Half-Pint Alf*

I alluded to Alf, one of my all time heroes, previously here.

Alf Gunning was born in 1918, so when I first observed him in action, he was approaching retirement from the NHS. Although he looked his age, he didn’t act it. He was a short wiry bristling fellow who was omnipresent at the John Radcliffe and Churchill hospitals in Oxford. He was a bit of demon at playing squash, apparently. You could spot him a mile off as he always wore a white coat with short sleeves, as if ever-ready to dive into some surgical maelstrom.

Here is an excerpt from his obituary (2011). Please read it! :

He was a remarkably unassuming surgeon who nevertheless inspired dedication in those who worked with him. On one occasion he entered the ward late at night and was mistaken by the nurse for the plumber, and was asked to repair a leaking tap. He fixed the tap and then asked the nurse if he could now do his ward round!

He was a member of Pete’s Club, a travelling surgical club where the only rule was that ‘no case that is presented shall throw credit on the presenter’. Only errors of judgement were discussed, and members consequently learnt a tremendous amount, much more than at other national surgical meetings.

I can confirm as an eye-witness that Alf was gifted with the precious gift of un-self-consciousness. There was no pride or guile in him. He possessed pure unalloyed surgical genius, and he wielded it very well. He saved and improved many lives through his works. I wish I could show a picture of him, but the internet has not been helpful this time.

*Not only was he short in stature, but the only time I saw him, in his blazer and tie, purchasing a drink at the Green College bar, it was a half-pint of shandy.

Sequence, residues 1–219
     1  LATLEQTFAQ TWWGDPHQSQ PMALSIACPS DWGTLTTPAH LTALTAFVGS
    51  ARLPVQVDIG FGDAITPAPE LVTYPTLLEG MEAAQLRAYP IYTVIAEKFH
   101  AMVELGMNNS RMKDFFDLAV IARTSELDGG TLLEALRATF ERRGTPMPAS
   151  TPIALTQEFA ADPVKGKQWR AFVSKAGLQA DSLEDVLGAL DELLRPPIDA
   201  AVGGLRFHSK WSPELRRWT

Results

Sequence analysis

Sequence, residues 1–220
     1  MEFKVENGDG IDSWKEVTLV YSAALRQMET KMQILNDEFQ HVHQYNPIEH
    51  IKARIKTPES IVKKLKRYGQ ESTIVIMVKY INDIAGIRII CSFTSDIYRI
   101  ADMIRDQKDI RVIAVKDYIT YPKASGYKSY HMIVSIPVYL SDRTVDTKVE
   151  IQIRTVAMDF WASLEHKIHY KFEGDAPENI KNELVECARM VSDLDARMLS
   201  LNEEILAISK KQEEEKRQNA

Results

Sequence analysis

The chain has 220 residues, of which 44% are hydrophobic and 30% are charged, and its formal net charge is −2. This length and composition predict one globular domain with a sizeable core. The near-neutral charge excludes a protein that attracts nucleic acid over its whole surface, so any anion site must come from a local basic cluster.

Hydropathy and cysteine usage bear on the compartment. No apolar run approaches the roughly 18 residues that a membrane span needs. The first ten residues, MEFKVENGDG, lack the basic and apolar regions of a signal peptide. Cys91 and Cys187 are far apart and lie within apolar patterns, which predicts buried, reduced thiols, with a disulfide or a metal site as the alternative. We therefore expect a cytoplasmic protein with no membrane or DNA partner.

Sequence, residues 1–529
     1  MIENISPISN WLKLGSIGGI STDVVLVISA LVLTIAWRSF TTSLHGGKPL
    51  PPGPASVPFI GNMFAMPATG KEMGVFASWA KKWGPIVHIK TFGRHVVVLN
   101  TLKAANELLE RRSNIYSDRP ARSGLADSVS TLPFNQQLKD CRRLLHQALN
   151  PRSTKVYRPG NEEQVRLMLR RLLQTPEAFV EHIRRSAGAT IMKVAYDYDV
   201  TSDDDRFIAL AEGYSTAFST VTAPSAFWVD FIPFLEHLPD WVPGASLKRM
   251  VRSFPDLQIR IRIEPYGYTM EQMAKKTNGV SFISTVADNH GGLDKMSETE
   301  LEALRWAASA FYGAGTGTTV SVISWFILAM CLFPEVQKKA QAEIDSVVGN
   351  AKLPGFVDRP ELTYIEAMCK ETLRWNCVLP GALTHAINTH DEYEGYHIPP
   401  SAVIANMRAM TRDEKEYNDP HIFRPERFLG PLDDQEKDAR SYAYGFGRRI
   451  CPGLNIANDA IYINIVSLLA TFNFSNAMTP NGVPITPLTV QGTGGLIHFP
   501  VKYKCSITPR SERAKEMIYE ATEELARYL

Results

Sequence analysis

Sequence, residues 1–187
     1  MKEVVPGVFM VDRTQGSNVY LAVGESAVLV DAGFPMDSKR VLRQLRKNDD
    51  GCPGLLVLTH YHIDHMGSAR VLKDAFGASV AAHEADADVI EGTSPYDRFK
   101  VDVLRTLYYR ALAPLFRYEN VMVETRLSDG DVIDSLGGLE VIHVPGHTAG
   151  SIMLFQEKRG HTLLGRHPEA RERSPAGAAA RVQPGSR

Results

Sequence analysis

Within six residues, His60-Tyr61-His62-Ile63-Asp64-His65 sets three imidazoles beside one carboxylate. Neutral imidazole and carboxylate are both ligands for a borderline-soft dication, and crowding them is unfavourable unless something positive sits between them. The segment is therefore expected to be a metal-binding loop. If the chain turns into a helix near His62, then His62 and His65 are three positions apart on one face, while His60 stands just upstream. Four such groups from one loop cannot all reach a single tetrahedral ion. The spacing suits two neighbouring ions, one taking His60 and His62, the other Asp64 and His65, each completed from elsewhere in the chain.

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Epidoodles*

This is not boasting but merely a statement of fact: I have sited more epidural catheters than some of you have had hot dinners. Most of these have been for ladies despairing of their life amidst the onslaught of pain during childbirth. The pain relief thus delivered is almost miraculously effective. Within minutes, a screaming suicidal mother-to-be is transformed into a snoozing kitten, and her labour continues safely onwards. In the event that delivery needs assistance by forceps or caesarean, the epidural just gets topped up and away we go.

I had a great teacher: Jane, an immaculate English rose with perfect diction, was one of my first bosses. Her voice rather resembled Lady Penelope’s from Thunderbirds. I like to think I was her Parker (Yeshh, milady!). She was a graduate cum laude of the famous Oxford Pain Clinic and was a mistress of her art. She taught me the then rarely used paramedian approach to the epidural space, which I still use to this day. I have since passed on this invaluable skill to innumerable pupils over the years.

Epidurals are actually potentially very dangerous. A whoppingly huge needle gets advanced through the skin, subcutaneous fat and ligaments of the spine until its tip lies within a millimetre of the dural sac containing the spinal cord or the nerve roots arising from it. Then either drugs are injected directly, or a fine plastic catheter is fed through the needle so that several centimetres of it lie in the epidural space. The needle gets removed over the catheter and a sterile filter hub gets affixed to the free end of the tubing thus sealing it off from germs. Via this route, all manner of medications can be delivered directly to the near vicinity of the central nervous system: local anaesthetics, opiates, clonidine, depot-steroids, and others have all been tried and found useful.